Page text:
What we can't do alone, we do together: Meet Anna and Bryson

April 6, 2021

Anna and Bryson Creighton were one of four Colorado families who shared their story of parental resilience and parenting during the pandemic at the virtual launch of Child Abuse Prevention Month.

Parents to two girls, 20-months and 4-years old, Anna and Bryson have introduced new traditions, such as a chakra singing bowl and family meditation at bedtime, visits to their family barn and caring for plants, to help them adjust during the pandemic.

Effective communication and making the time to prioritize and understand one another's needs have been key in their teamwork as parents and as spouses.

Both parents agreed that making time for self-care and ensuring that they each have some dedicated time for themselves is essential and has played a role in their ability to be present and healthy parents. Bryson manages stress that comes along with full-time parenting and working by maintaining a regular exercise routine, and Anna has been intentional about scheduling virtual interactions with friends, reading and indulging in skincare.

Asking for help

Anna and Bryson are most proud that they have built the flexibility and inner strength necessary to bounce back when facing challenges and feel well-equipped to cope with the stresses of everyday life. 

Although they are resilient, they still need help from time to time and recognize that asking for help can help to prevent stress, which ultimately strengthens their family.

What they need help with the most, Anna and Bryson say, has been babysitting. 

“I'm not one to ask for help, it's not my personality or what I do,” said Bryson. “With that being said, when it comes to our children I have asked for help not only to provide Anna and I the head space to cope with life events that have transpired over the last year, but also to enjoy quality time together.”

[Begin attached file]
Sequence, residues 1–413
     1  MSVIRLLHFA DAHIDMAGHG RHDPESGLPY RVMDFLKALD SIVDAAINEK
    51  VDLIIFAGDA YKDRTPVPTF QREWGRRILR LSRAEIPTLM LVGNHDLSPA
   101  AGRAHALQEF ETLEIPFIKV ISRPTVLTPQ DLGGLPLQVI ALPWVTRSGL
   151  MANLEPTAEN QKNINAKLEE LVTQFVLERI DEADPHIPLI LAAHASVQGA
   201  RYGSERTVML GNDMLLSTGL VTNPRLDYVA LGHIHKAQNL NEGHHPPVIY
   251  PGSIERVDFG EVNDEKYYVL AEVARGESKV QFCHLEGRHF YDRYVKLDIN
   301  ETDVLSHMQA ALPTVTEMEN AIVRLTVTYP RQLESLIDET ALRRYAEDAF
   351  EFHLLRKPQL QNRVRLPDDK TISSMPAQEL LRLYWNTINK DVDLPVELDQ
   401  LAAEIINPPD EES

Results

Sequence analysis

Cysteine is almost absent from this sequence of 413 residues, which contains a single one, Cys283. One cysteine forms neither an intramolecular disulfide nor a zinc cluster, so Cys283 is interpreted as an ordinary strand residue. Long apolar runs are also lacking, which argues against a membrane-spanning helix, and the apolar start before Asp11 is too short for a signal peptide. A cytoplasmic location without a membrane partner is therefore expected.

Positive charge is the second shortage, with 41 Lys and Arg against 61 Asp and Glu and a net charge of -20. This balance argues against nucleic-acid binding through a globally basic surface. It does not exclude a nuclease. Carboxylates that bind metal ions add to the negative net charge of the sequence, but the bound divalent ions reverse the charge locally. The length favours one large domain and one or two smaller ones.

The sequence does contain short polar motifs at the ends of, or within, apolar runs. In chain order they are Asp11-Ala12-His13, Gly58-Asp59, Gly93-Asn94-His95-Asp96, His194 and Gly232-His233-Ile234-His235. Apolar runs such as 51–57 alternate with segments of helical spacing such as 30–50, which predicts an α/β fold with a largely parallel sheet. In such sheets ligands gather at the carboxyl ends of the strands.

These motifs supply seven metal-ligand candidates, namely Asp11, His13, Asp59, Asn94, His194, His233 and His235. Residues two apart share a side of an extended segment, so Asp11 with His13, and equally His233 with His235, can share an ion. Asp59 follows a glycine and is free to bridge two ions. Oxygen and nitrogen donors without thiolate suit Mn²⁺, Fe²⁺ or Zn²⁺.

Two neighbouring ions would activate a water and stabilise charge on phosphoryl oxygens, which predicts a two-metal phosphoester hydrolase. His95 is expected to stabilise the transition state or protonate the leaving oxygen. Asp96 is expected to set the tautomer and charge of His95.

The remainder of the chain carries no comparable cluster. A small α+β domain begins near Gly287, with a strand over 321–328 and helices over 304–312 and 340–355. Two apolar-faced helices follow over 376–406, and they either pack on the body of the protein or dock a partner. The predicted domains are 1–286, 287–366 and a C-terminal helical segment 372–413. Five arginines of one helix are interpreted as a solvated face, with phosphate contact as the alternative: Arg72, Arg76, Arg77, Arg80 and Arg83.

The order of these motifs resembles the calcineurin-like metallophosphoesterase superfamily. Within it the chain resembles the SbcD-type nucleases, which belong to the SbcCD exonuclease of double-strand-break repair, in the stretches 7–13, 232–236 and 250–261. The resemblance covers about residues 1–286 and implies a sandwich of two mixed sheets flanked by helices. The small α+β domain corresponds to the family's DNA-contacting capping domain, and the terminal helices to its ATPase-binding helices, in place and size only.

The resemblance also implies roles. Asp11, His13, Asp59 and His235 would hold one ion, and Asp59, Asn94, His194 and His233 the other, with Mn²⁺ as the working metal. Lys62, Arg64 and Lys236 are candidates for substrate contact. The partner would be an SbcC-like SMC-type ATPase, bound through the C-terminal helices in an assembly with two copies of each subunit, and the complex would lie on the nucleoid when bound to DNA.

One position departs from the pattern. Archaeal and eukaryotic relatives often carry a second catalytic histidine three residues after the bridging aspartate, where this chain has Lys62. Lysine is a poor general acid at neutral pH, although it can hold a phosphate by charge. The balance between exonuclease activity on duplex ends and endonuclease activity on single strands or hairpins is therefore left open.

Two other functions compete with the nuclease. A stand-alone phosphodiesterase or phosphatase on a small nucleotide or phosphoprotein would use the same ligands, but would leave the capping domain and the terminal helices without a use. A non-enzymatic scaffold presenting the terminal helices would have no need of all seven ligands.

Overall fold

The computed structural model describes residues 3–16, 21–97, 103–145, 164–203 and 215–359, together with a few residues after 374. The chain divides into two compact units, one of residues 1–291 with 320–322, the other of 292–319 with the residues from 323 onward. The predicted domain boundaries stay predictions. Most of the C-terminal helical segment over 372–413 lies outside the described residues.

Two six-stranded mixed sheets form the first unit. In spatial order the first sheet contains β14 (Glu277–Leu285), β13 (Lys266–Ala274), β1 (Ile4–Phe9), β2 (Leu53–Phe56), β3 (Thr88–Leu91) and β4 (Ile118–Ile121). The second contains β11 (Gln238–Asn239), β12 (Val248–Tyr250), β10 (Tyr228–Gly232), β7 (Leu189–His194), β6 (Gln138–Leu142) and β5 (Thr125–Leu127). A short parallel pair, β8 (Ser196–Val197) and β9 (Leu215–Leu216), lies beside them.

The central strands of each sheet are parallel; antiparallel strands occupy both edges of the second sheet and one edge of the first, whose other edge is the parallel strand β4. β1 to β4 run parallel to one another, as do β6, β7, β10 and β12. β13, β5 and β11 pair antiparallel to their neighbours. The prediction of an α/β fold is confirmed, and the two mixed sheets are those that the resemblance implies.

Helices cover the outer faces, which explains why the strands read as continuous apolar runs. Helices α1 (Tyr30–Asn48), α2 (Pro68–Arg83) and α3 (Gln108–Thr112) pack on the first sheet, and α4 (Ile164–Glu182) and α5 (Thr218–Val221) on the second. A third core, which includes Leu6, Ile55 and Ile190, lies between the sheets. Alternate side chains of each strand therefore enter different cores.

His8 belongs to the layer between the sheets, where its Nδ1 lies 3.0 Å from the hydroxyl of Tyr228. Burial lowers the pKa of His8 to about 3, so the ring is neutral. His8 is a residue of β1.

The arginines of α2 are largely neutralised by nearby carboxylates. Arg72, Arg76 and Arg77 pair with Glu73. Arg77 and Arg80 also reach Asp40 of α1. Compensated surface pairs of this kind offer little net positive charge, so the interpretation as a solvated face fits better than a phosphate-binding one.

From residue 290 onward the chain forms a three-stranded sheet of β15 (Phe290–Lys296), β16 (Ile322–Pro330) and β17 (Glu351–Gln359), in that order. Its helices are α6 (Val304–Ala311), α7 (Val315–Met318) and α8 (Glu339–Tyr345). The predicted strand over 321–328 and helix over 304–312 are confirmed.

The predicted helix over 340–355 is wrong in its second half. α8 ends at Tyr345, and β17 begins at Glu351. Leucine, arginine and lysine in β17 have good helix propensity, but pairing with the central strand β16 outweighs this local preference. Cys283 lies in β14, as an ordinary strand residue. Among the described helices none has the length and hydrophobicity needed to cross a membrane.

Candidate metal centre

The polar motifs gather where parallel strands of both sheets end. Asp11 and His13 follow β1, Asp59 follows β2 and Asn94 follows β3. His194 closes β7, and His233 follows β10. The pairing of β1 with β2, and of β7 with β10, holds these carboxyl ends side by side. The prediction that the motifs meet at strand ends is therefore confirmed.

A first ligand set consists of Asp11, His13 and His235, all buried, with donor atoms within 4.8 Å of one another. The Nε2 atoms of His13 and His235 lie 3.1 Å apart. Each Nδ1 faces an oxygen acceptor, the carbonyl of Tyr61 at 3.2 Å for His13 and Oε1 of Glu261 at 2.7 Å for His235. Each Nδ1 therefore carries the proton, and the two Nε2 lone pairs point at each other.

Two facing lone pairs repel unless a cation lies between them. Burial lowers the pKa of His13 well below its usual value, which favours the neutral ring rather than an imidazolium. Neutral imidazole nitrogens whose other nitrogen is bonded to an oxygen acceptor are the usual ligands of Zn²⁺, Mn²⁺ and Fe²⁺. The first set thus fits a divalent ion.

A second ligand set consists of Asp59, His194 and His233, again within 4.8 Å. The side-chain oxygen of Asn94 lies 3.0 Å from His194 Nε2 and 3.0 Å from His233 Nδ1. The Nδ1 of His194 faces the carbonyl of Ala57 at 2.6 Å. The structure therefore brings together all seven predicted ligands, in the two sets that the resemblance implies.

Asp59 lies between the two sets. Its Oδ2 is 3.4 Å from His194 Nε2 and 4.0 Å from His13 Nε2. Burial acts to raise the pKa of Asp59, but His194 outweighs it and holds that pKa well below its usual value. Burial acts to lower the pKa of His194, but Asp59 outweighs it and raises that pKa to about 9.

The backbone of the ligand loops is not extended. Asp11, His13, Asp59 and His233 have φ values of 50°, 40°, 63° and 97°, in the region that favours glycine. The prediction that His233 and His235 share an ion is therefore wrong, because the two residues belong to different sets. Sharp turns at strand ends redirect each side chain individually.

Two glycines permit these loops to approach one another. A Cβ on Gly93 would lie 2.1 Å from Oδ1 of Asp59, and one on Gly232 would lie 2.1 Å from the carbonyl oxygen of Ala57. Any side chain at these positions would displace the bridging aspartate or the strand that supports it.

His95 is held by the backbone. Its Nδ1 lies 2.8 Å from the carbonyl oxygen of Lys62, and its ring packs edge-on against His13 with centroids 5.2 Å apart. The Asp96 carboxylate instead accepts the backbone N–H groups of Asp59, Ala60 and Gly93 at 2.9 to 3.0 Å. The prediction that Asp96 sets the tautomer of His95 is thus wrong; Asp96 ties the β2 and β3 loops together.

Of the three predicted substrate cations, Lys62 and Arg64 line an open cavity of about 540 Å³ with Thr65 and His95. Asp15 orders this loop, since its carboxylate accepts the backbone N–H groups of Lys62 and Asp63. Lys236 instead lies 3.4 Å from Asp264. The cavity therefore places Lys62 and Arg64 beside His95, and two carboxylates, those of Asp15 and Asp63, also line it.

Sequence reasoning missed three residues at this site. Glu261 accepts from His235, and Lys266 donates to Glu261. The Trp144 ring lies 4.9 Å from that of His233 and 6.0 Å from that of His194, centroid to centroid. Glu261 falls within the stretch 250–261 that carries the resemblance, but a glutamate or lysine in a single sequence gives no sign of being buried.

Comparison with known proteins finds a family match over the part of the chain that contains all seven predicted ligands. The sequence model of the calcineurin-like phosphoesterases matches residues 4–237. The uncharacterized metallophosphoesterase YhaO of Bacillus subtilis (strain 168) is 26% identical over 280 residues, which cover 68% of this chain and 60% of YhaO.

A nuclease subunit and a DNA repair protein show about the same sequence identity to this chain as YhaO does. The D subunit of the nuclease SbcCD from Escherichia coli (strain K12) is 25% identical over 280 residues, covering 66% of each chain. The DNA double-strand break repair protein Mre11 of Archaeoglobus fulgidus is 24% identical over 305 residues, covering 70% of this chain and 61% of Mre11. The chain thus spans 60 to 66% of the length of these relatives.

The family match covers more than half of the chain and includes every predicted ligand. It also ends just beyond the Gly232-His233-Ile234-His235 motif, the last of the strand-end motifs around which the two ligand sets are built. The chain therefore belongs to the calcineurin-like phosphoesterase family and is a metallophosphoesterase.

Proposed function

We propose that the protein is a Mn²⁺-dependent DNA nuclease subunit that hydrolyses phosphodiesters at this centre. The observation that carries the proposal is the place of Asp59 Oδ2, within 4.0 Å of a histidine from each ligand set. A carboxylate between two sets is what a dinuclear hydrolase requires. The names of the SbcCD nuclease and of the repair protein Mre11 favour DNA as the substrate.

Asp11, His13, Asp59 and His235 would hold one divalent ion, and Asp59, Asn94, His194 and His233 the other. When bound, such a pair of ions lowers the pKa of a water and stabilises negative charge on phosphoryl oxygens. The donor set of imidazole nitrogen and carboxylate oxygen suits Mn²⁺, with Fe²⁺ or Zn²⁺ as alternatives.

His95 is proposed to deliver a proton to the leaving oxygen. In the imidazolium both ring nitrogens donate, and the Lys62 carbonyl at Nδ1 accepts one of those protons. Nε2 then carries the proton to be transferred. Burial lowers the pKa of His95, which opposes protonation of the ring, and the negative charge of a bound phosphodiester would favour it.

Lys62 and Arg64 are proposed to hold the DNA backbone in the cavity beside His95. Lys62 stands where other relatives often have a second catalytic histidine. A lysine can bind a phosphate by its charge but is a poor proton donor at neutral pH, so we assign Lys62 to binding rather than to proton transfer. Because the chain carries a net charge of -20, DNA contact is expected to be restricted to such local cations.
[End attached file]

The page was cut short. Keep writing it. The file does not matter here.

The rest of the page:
Anna says that she too has found asking for help to be especially important over the past year." Asking for help doesn't come easy yet living in a pandemic in conjunction with my medical needs, it's essential to our mental, physical and emotional health not only as parents but also for our children,” said Anna. “My support system has assisted us in finding that balance.”

Anna and Bryson Creighton sit with their daughters to say a nightly ritual, ringing a meditation singing bowl.

The importance of building and maintaining parental resilience

Anna and Bryson realize that continuously working to build and maintain their resilience as parents is important for their family throughout the pandemic and well after. Being resilient as a parent is one of five protective factors that allow parents to parent effectively, even under stress.

In addition to the newly implemented traditions that have kept their family afloat over the past year, they have also found comfort in the motto’s that they have come up with as a family and refer back to them when they need a gentle reminder of how strong they truly are; What we can't do alone, we do together and if it doesn't make your heart happy, don't do it.

April is Child Abuse Prevention Month. The Colorado Department of Human Services CO4Kids campaign encourages all Coloradans to strengthen families and communities throughout the year. If you know of a parent or family willing to share their story, or an organization working to strengthen Colorado families and communities that would like to be highlighted, please reach out to Dianna Robinson.

To learn about the signs of child abuse and neglect and for information about how to become a foster or adoptive parent, visit CO4Kids.org. Call 844-CO-4-Kids to report concerns about child abuse and neglect. If a child or teen is in immediate danger, dial 9-1-1.

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Colorado Child Abuse and Neglect Hotline
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Anyone witnessing a child in a life-threatening situation should call 911 immediately.